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    Categories: Online VideoStorytelling

5 Lessons For Creating Good Immersive Storytelling

A drone carries a 360 4K video camera above the ancient city of Bagan in Myanmar. (YE AUNG THU/AFP/Getty Images)

A version of this post appeared on RJI Online.

Innovation in Focus is a new video series from the Innovation & Futures Lab at the Reynolds Journalism Institute. With the help of journalism students, I produce the series, which explores emerging technology and methods of storytelling for newsrooms worldwide. Below is the most recent part of the series.

The team recently spent some time creating an immersive narrative story with a 360 camera. Here are the 5 key lessons we learned:

1. The viewer sees everything.

When filming in flat video we control the frame and we direct the viewer. We shape the story by presenting a detail or an establishing shot or a portrait. In 360 video, the viewer sees everything in the frame and they control how they experience it. They can look beyond the subject or into another part of the frame, which means they might miss the action you included in that particular shot because they’re looking elsewhere.

2. You have to either be in the frame or be able to control your camera from a remote location.

In 360 video we set up the camera on a tripod and run out of the frame — or be OK with being inserted into the story. This puts us in a different position than with flat video, where we can erase our presence by being behind the camera. When Meg was filming in a bus or van, she had two choices: be in the frame as inconspicuously as possible or set up the tripod and camera and leave it alone with the source for the duration of shot. In a moving closed vehicle, it was hard to not be in the frame while also making sure the camera didn’t fall down or get jostled by the movement of the vehicle. You must plan ahead and be aware of the challenges you’ll face when using a 360 camera.

3. Give the viewer time to explore.

When editing, the pacing in a 360 video is different than the pacing in flat video. With 360 video, you want to give your viewer time to experience the immersive content. Your b-roll pieces will most likely be longer to allow the viewer to see the action and move around within the frame. This changes the pace of your story and how you would usually edit it.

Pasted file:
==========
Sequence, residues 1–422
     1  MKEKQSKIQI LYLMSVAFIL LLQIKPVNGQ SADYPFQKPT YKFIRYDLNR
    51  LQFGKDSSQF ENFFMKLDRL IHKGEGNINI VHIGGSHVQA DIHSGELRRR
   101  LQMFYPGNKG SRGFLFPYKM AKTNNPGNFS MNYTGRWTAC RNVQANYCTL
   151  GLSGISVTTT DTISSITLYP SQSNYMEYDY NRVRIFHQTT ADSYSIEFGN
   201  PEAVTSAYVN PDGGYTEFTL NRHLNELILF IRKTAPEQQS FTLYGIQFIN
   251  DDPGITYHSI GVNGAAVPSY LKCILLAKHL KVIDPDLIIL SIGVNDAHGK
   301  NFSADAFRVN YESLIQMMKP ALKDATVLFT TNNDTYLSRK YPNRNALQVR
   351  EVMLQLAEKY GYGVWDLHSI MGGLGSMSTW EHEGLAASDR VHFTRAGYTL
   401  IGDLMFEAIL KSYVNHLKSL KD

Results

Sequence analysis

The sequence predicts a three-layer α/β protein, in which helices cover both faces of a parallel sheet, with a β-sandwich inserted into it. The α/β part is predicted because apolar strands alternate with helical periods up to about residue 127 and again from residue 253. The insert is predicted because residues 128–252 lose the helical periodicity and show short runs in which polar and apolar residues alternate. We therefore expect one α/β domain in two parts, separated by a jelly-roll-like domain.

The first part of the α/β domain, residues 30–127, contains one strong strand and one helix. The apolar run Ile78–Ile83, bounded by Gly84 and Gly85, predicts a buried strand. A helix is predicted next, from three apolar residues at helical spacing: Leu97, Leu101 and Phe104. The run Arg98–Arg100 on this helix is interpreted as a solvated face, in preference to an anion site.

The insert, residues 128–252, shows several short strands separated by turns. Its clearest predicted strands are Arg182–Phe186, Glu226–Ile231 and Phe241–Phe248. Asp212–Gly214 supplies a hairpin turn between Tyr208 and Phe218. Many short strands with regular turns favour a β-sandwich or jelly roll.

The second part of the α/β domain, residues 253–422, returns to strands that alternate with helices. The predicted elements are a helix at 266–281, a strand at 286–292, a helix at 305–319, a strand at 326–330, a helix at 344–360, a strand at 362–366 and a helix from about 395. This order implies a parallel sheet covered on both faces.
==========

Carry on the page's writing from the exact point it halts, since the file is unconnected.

4. Your camera is a person.

We talked to many 360 storytellers and they all said the same thing: set up your camera like it’s a person, thinking of the lens as a person’s eyes. The camera should be set up at the average height of a person, which will allow the viewer to experience the story as if they were standing there in real life. Putting the camera on the ground or too high up makes the 360 story harder to consume because you are skewing the perspective. Of course, this is a rule that can be broken when in a unique situation, but often this advice helps tell the story in a way that people understand.

5. Lower your expectations.

One of our greatest pet peeves about 360 cameras is the quality of the image. As journalists we’re used to crystal-clear frames of beautifully detailed video we shoot on our advanced DSLRs or video cameras. When you switch to a mobile 360 camera (unless you are investing thousands of dollars in an advanced rig), you have to adjust your expectations of video quality. For now, it will not be as clear or beautiful as flat video. With time this will change, but that’s the reality of the mobile tools right now.

Kat Duncan is the senior video editor for RJI Futures Lab. She also creates and edits video projects for RJI and the Missouri School of Journalism, where she teaches photo and video journalism. 

Kat Duncan :Kat Duncan is the senior video editor for RJI Futures Lab. She launched a new video series, Innovation in Focus, which explores emerging tech and tools for journalists. She produces the segments of Innovation in Focus, as well as mentors student videographers on her team. She also creates and edits video projects for RJI and the Missouri School of Journalism, where she teaches photo and video journalism. Duncan came to RJI from the San Francisco Chronicle, where she served as a photo and video editor, video producer and photographer. She led the Chronicle newsroom in producing mobile video and ran the visual intern program. While at the Chronicle she won Photo Editor of the Year (team category) in NPPA’s annual Best of Photojournalism contest and received many awards for her visual work from the National Press Photographers Association. Previously, Duncan worked in visual journalism positions at newspapers in Utah, New York and Texas. She led visual teams at these newspapers, created mobile video training and worked as staff photographer and videographer. She earned a master’s degree in photojournalism from Boston University and a bachelor’s degree in fine arts from the University of California, Irvine with a minor in digital media.